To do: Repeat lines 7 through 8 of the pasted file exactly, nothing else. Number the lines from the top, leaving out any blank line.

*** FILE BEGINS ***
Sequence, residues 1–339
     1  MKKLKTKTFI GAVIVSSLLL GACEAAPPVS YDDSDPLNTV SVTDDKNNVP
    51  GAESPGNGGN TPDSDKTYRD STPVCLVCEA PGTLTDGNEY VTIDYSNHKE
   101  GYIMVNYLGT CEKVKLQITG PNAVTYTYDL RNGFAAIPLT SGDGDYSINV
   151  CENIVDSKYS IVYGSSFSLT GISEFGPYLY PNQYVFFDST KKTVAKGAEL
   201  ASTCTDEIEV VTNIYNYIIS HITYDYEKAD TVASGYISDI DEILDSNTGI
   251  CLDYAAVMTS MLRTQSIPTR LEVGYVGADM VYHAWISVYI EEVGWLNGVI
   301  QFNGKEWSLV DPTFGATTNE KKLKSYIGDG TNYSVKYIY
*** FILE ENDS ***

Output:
   251  CLDYAAVMTS MLRTQSIPTR LEVGYVGADM VYHAWISVYI EEVGWLNGVI
   301  QFNGKEWSLV DPTFGATTNE KKLKSYIGDG TNYSVKYIY